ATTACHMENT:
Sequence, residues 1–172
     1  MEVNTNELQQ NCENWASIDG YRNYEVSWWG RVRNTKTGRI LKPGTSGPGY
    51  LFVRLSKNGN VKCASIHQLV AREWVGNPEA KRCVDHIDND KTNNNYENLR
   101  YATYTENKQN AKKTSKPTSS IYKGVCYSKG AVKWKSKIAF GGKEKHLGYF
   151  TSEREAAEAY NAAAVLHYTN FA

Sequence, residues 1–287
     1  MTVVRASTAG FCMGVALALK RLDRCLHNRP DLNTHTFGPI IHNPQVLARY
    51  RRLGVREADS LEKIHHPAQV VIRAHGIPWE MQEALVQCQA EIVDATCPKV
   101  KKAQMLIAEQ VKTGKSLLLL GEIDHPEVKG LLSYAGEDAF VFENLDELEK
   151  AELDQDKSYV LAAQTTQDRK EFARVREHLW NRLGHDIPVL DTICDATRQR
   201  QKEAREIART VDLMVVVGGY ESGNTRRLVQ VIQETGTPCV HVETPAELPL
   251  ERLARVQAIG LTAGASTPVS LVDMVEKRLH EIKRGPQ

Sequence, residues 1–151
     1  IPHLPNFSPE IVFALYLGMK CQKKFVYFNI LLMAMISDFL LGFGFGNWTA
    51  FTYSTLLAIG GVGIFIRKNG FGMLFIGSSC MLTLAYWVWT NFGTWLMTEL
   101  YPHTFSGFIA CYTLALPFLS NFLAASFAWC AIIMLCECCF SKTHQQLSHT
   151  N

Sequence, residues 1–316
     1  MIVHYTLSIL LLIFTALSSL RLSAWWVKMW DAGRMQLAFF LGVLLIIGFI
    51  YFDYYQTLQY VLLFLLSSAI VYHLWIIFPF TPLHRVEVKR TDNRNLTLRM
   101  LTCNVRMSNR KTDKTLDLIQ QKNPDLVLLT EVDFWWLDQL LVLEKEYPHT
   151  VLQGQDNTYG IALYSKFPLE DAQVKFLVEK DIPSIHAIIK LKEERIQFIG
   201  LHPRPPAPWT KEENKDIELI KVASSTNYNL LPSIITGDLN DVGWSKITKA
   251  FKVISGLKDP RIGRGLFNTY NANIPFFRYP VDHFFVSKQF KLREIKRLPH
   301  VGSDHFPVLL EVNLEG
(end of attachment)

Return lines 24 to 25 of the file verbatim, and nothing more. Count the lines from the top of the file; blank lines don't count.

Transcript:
   251  FKVISGLKDP RIGRGLFNTY NANIPFFRYP VDHFFVSKQF KLREIKRLPH
   301  VGSDHFPVLL EVNLEG